'For I delivered to you as of first importance what I also received: that Christ died for our sins in accordance with the Scriptures, that he was buried, that he was raised on the third day in accordance with the Scriptures, and that he appeared to Cephas, then to the twelve. Then he appeared to more than five hundred brothers at one time, most of whom are still alive, though some have fallen asleep. Then he appeared to James, then to all the apostles. Last of all, as to one untimely born, he appeared also to me.' (1 Corinthians 15:3-8)
As we move through 1 Corinthians 15 over the next three weeks, it will become abundantly clear that the resurrection is fundamental to the very Gospel. Paul will say that, without the resurrection our faith is futile 1 Corinthians 15:17).
For this reason Paul then goes to some length to cement the historicity of the resurrection.
Paul then presents us with a list of some of those who Christ appeared to:
•Cephas (v. 5a);
•‘then to the twelve’ (v. 5b);
•‘Then he appeared to more than five hundred brothers at one time…’ (v. 6);
•‘Then he appeared to James…’ (v. 7a);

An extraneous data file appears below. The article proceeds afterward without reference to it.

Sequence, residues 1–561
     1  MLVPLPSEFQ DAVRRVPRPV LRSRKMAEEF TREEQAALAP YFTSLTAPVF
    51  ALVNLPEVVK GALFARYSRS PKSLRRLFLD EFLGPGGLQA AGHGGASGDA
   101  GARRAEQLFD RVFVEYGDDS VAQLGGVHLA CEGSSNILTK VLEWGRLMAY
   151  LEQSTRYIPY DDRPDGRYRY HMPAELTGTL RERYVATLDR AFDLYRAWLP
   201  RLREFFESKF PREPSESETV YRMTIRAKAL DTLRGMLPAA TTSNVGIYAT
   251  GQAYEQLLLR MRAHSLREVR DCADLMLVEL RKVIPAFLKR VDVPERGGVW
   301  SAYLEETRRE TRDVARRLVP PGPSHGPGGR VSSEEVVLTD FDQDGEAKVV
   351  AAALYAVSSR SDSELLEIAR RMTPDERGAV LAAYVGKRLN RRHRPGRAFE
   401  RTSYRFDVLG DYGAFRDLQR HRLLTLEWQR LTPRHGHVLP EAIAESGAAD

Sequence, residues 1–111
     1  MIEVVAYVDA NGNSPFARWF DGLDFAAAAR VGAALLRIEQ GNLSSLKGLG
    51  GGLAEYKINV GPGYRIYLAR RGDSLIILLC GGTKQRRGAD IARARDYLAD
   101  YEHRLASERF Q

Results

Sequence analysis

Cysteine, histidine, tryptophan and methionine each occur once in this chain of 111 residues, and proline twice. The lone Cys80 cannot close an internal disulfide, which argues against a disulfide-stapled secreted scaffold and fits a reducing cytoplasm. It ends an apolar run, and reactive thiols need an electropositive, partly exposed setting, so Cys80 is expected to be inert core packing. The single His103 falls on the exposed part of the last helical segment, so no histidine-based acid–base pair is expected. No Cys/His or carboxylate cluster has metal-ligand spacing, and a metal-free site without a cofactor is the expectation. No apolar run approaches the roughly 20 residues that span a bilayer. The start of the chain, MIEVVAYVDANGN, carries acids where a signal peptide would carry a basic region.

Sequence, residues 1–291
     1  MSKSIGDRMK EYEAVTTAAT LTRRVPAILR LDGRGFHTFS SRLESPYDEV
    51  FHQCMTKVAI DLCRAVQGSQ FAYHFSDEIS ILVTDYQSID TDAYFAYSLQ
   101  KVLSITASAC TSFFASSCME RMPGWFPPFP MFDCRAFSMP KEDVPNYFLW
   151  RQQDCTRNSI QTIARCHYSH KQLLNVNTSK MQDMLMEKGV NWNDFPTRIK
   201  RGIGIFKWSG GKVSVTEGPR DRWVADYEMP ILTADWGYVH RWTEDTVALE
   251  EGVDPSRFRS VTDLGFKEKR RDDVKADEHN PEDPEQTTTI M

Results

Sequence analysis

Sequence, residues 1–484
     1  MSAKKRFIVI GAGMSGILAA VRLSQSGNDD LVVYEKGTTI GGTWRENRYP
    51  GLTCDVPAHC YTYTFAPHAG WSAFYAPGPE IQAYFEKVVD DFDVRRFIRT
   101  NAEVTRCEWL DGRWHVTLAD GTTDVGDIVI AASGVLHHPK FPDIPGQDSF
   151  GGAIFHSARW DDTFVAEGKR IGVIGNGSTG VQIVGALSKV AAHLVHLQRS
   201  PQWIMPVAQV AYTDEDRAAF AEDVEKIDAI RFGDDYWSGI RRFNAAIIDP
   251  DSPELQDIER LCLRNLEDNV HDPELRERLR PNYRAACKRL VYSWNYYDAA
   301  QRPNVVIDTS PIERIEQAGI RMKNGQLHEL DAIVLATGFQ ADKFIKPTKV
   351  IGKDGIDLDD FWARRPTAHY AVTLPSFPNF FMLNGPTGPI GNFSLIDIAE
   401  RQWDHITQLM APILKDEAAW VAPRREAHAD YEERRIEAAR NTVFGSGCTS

•‘…then to all the apostles’ (7b);
•and then ‘Last of all, as to one untimely born, he appeared also to me [Paul]’.
Why is this list of witnesses included in Paul summation of the Gospel fundamentals? Firstly we must understand that what is being described is not simply a visual appearance. The Gospel accounts are clear on this matter. Jesus ate while he was with the disciples, Thomas places his hands inside the wounds of the resurrected Christ. Consider the physicality of John’s description of this encountering of the resurrected Jesus,
'That which was from the beginning, which we have heard, which we have seen with our eyes, which we looked upon and have touched with our hands, concerning the word of life' (1 John 1:1)
The resurrected Jesus was not an apparition and he was not a ghost. These people witnessed, interacted with and touch a bodily resurrected Jesus. Paul will, in the remainder of the chapter, expand upon the importance of a bodily resurrection, but for now we must recognise that it simply will not do to say that the resurrection was a ‘spiritual’ event only. Paul is clear. Scripture is clear. Jesus was physically raised from dead.
What is more, Paul insists that this truth, along with the cross, is of ‘first importance’.